Bujumbura (25 November 2014)
– The Special Rapporteur on the situation of human rights defenders, Michel Forst, expressed regret today that defenders in Burundi are deemed to be political opponents, when in reality they are activists working to promote and protect human rights and civil liberties.
“I was very struck by the incredible vitality and professionalism of civil society in Burundi despite the difficult environment in which they work. They face serious obstacles that can amount to violations of their rights and fundamental freedoms, as well as their legitimate right to promote and protect human rights,” said Mr. Forst.
Threats and defamation campaigns by certain media outlets weigh on human rights defenders, who also report a high number of cases of physical threats, anonymous phone calls, assaults, arbitrary arrests, and judicial harassment.
“The arrest and detention of Pierre Claver Mbonimpa and unfair disbarment of Isidore Rufykiri, the president of the Bar, constitute, in my view, an unacceptable escalation of the harassment of defenders by the State’s authorities,” Mr. Forst said.
Freedom of Expression
Burundi is fortunate to have a dynamic civil society and a bold and free press, and yet the public authorities’ attempt to restrict their freedom of expression by accusing them of being opposition actors when they report on events or testimonies questioning State institutions.
The Special Rapporteur shared his concerns with the Government regarding provisions of the law on the press that are contrary to international obligations. In particular, he noted the requirement that journalists reveal their sources, which would limit effective enjoyment of freedom of expression.
He highlighted the cases of the arrests and repeated threats made against certain journalists and radio stations dealing with politically sensitive topics, such as the allegations of arms distribution or the controversial methods of issuing identity cards.
“A free, independent, and occasionally impertinent press, able to expose abuses of power and corruption, is essential to preserve civil liberties and to promote transparency and foster broad participation in public life,” Mr Forst said.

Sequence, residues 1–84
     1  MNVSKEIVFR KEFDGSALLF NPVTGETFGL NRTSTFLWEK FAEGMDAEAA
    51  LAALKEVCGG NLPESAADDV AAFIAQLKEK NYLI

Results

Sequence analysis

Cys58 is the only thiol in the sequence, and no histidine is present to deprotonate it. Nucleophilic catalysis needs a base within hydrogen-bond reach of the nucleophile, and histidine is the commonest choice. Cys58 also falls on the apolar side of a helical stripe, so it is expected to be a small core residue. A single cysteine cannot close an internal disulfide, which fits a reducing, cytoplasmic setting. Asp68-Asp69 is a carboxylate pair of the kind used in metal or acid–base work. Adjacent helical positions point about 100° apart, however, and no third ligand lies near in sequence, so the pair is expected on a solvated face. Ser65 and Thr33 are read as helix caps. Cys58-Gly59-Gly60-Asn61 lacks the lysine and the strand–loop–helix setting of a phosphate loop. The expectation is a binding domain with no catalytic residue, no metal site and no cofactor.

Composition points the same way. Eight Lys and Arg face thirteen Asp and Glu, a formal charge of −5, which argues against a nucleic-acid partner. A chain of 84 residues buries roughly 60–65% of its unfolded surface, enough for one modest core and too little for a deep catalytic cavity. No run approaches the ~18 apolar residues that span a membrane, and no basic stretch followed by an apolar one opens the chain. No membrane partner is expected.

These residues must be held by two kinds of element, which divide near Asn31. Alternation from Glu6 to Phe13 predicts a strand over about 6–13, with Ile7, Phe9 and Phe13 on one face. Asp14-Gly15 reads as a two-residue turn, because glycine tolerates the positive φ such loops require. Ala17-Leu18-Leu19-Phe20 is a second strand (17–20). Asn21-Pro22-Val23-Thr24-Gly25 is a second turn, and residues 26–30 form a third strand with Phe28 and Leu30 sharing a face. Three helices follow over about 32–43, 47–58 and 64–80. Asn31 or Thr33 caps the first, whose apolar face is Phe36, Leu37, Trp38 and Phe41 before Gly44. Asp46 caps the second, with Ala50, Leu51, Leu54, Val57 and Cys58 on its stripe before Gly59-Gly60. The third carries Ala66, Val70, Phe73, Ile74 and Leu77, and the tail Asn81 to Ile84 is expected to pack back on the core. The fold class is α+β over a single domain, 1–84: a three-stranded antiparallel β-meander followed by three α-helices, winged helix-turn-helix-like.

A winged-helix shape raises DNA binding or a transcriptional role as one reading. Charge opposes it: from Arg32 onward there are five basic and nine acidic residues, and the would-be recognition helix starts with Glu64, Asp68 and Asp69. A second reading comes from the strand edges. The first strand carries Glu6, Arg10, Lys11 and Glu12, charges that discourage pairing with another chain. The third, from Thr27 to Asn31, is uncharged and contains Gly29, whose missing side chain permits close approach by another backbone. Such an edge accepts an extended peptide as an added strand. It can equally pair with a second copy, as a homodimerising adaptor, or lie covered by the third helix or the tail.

Freedom of assembly and demonstration
Freedom of assembly and demonstration is guaranteed by the Constitution of Burundi, but in practice only protests in favour of the Government were reportedly authorised, while all others were systematically prohibited.
“By adopting an abusive interpretation of the concept of public order, in effect, the authorities muzzle freedom of assembly and demonstration in public spaces,” the Special Rapporteur said.
Liberty of association
The Special Rapporteur also pointed out that the draft law on associations being considered by Parliament includes provisions which hamper the creation and development of associations and which would imperil the very principle of free association.
Approval or annual renewal of such approval poses a threat to the sustainability of certain associations. The appointment of the heads of associations by the Minister of the Interior and his power to suspend the activities of an association are contrary to international norms.
The Special Rapporteur will present his conclusions in a report to the United Nations Human Rights Council.
(*) See the full End of Mission statement (in French): http://www.ohchr.org/FR/NewsEvents/Pages/DisplayNews.aspx?NewsID=15338&LangID=F
Mr. Michel Forst (France) was appointed by the President of the Human Rights Council as the UN Special Rapporteur on the situation of human rights defenders in June 2014. M. Michel Forst has extensive experience on human rights issues and particularly on the situation of human rights defenders. In particular, he was the Director General of Amnesty International (France) and Secretary General of the first World Summit on Human Rights Defenders in 1998.
The United Nations human rights experts are part of what it is known as ‘Special Procedures’, the largest body of independent experts in the United Nations Human Rights system. ‘Special Procedures’ is the general name of the independent fact-finding and monitoring mechanisms of the Human Rights Council that address either specific country situations or thematic issues in all parts of the world. Special Procedures experts work on a voluntary basis; they are not United Nations staff and do not receive a salary for their work. They are independent from any government or organization and serve in their individual capacity. Learn more, log on to:http://www.ohchr.org/EN/HRBodies/SP/Pages/Welcomepage.aspx